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Gallardo v. Sherman

United States District Court, E.D. California

June 28, 2019

ANGEL LUIS GALLARDO, Plaintiff,
v.
STU SHERMAN, et al, Defendants.

          FINDINGS AND RECOMMENDATIONS REGARDING DEFENDANTS' MOTIONS FOR SUMMARY JUDGMENT [ECFNOS. 56, 61]

         Plaintiff Angel Luis Gallardo is appearing pro se and in forma pauperis in this civil rights action pursuant to 42 U.S.C. § 1983.

         Currently before the Court is Defendants Reyes and Martin's motion for summary judgment, filed February 28, 2019, and Defendant Garcia's motion for summary judgment, filed March 5, 2019.

         I. RELEVANT BACKGROUND

         This action is proceeding against Defendants M. Garcia, J. Reyes, and D. Martin for deliberate indifference to a serious medical need and intention infliction of emotional distress.[1]

         On November 27, 2017, Defendants Martin and Reyes filed an answer to the operative complaint. On November 29, 2017, Defendant Garcia filed an answer to the operative complaint.

         On December 5, 2017, the Court issued the discovery and scheduling order.

         On July 18, 2018, after an unsuccessful settlement conference, the Court issued an amended discovery and scheduling order.

         As previously stated, on February 28, 2019, Defendants Reyes and Martin filed a motion for summary judgment. On March 5, 2019, Defendant Garcia filed a motion for summary judgment. Plaintiff filed an opposition to both motions on June 24, 2019, and Defendants filed a reply on June 27, 2OI9.[2]

         II. LEGAL STANDARD

         Any party may move for summary judgment, and the Court shall grant summary judgment if the movant shows that there is no genuine dispute as to any material fact and the movant is entitled to judgment as a matter of law. Fed.R.Civ.P. 56(a) (quotation marks omitted); Washington Mut. Inc. v. U.S.. 636 F.3d 1207, 1216 (9th Cir. 2011). Each party's position, whether it be that a fact is disputed or undisputed, must be supported by (1) citing to particular parts of materials in the record, including but not limited to depositions, documents, declarations, or discovery; or (2) showing that the materials cited do not establish the presence or absence of a genuine dispute or that the opposing party cannot produce admissible evidence to support the fact. Fed.R.Civ.P. 56(c)(1) (quotation marks omitted). The Court may consider other materials in the record not cited to by the parties, but it is not required to do so. Fed.R.Civ.P. 56(c)(3); Carmen v. San Francisco Unified Sch. Dist., 237 F.3d 1026, 1031 (9th Cir. 2001); accord Simmons v. Navajo Cnty., Ariz., 609 F.3d 1011, 1017 (9th Cir. 2010).

         In judging the evidence at the summary judgment stage, the Court does not make credibility determinations or weigh conflicting evidence, Soremekun, 509 F.3d at 984 (quotation marks and citation omitted), and it must draw all inferences in the light most favorable to the nonmoving party and determine whether a genuine issue of material fact precludes entry of judgment, Comite de Jornaleros de Redondo Beach v. City of Redondo Beach, 657 F.3d at 942 (quotation marks and citation omitted).

         III. DISCUSSION

         A. Summary of Plaintiffs Complaint

         On November 13, 2015, while housed at the California Substance Abuse Treatment Facility ("CSATF") in Corcoran, California, Plaintiff and his cellmate were sprayed with pepper spray by M. Garcia ("Garcia"), Correctional Officers J. Reyes, and D. Martin due to an in cell incident. The officers then took Plaintiff and his cellmate to the showers to be decontaminated. After decontamination, Sergeant Garcia told Correctional Officers Martin and Reyes to place Plaintiff back in his original cell.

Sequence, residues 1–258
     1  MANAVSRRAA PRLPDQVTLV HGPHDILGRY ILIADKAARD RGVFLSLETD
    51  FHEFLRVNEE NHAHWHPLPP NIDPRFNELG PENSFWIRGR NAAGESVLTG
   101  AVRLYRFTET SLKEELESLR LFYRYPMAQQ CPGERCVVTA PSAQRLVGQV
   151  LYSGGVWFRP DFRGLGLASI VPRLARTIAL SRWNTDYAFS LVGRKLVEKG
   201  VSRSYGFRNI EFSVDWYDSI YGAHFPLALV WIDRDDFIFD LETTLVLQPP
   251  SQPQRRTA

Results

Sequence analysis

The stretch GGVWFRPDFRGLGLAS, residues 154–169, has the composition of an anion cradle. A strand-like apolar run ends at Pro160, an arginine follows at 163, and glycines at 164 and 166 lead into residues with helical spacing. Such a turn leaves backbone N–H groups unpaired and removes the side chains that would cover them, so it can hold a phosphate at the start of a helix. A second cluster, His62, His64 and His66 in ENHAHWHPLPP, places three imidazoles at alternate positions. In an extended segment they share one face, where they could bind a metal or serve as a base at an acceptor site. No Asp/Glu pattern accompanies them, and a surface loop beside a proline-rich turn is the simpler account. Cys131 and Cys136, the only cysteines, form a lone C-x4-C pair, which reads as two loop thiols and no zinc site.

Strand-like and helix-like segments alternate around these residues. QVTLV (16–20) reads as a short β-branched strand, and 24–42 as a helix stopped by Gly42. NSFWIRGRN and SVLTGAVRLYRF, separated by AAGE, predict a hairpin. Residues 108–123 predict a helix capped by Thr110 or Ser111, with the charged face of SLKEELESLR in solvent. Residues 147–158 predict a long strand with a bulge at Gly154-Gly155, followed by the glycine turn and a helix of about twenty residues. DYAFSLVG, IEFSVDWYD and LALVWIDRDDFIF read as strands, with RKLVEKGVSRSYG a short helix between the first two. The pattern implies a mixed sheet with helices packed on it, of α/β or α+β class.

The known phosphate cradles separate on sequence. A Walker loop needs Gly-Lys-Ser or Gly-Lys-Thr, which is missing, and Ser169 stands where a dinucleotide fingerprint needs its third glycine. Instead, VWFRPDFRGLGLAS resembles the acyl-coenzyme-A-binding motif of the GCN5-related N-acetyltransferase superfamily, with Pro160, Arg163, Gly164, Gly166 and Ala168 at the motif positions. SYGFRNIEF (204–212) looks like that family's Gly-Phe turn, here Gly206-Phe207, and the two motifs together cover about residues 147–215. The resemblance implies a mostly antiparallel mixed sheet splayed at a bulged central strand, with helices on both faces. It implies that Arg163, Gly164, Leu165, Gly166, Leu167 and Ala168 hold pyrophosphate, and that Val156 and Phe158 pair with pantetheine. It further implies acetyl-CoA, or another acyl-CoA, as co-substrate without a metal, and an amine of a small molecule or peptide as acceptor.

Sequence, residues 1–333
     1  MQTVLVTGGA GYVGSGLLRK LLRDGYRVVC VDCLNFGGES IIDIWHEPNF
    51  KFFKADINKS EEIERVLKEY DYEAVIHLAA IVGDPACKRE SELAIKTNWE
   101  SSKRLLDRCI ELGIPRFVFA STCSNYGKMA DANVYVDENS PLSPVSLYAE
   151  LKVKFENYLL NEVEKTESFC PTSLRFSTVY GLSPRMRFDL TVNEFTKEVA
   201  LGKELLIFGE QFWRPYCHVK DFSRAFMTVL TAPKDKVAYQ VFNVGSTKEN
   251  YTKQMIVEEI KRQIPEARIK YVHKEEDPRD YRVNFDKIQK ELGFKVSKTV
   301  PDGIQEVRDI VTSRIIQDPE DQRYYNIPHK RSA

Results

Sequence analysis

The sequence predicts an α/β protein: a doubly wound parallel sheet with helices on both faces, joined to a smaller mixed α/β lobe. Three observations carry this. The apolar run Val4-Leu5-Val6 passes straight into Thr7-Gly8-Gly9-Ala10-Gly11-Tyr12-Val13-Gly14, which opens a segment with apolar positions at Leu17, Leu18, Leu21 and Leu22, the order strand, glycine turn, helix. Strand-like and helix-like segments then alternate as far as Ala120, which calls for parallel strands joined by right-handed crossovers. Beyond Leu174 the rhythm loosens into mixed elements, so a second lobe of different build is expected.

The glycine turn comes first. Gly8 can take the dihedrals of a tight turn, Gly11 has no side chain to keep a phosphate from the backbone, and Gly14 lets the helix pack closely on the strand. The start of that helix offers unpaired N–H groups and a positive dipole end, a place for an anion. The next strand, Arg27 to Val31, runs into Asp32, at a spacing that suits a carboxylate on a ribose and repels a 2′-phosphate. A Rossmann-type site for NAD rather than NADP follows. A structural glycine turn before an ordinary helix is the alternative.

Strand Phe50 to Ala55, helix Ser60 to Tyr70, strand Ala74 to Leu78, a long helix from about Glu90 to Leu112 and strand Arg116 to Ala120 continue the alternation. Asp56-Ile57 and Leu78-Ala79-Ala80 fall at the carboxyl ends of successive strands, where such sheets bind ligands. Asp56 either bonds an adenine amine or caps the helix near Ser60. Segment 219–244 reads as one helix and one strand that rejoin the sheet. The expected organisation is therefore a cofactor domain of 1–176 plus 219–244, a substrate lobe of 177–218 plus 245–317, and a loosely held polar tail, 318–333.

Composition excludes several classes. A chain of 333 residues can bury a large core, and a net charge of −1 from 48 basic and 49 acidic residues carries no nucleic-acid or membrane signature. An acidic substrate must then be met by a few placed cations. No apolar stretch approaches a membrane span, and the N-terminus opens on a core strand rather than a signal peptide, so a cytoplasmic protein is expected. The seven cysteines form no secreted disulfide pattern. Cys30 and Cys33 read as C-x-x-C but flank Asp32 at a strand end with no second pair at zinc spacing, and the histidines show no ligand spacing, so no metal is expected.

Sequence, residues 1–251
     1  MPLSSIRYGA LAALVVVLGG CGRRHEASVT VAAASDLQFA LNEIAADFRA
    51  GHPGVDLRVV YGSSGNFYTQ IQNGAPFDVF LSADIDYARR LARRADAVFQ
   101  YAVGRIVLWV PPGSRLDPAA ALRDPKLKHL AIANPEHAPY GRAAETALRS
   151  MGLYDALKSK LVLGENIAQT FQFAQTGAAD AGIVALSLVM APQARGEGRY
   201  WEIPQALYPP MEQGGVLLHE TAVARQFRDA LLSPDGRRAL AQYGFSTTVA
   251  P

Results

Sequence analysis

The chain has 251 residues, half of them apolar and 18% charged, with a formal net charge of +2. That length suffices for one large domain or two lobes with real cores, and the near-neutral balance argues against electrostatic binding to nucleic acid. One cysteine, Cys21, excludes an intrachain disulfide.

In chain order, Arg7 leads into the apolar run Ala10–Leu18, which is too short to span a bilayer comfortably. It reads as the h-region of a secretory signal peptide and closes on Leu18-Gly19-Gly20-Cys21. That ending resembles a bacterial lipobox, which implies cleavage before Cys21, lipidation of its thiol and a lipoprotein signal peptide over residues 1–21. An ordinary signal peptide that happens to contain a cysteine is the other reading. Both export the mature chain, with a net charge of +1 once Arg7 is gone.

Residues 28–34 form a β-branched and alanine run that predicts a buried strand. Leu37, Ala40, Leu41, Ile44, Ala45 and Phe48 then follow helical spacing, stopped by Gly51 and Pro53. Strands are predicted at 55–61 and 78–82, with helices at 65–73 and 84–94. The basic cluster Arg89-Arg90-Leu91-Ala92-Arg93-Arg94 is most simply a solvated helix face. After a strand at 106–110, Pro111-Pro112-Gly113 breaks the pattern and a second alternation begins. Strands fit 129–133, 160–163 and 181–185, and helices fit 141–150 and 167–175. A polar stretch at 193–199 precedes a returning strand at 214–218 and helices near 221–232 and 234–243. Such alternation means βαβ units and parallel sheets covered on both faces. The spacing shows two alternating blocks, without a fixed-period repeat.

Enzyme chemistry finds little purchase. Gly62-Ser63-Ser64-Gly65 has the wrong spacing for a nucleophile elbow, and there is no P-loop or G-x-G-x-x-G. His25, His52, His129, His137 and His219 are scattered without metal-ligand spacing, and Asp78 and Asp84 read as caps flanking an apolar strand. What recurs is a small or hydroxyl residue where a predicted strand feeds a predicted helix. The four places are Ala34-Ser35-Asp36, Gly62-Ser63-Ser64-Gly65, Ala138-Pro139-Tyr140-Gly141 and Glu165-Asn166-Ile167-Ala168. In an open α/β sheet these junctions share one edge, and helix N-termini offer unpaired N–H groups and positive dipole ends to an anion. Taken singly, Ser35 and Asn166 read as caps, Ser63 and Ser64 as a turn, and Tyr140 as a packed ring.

Plaintiff told Sergeant Garcia and Officer Reyes that he could not go back to his cell as he suffers from asthma. Nurse Bracamonte came by and Plaintiff had him clearly explain his medical condition to Sergeant Garcia, and Correctional Officers Martin and Reyes. Even after Nurse Bracamonte's explanation, Sergeant Garcia ordered Correctional Officers Reyes and Martin to place Plaintiff back in his cell.

         After about fifteen minutes, Plaintiff was having trouble breathing and began wheezing. Defendants told Plaintiff he would be ok since he has a rescue inhaler in the cell. It was then Plaintiff informed Defendants the rescue inhaler was not in the cell. This prompted the Defendants to begin looking for the inhaler. In the meantime, Nurse Bracamonte arrived at Plaintiffs cell and informed Plaintiff he spoke with Sergeant Garcia on his behalf asking for Plaintiff to be removed from the cell, nevertheless Plaintiff was still not allowed out of his cell.

         B. Statement of Undisputed Facts[3]

         1. At all times relevant to this action, Plaintiff was an inmate in the custody of the California Department of Corrections and Rehabilitation (CDCR) housed at the California Substance Abuse Treatment Facility (SATF) in Corcoran, California. (Second Am. Compl, ECF No. 17 at 3.)

         2. On November 13, 2015, Plaintiff and his cellmate engaged in a fight inside their cell. (Deposition of Plaintiff ("Dep.") at 23:1-3, Ex. A to Declaration of Lucas L. Hennes.)

         3. To end the fight, correctional officers used pepper spray on Plaintiff and his cellmate. (ECF No. 17 at 3, Dep. at 23:4-14.)

         4. Plaintiff and his cellmate did not comply with orders to stop fighting until three cans of pepper spray had been disbursed into his cell. (Dep. at 28:6-15.)

         5. After Plaintiff and his cellmate complied with orders to stop fighting and submitted to handcuffs, Defendants Garcia and Reyes took Plaintiff to the showers to be ...


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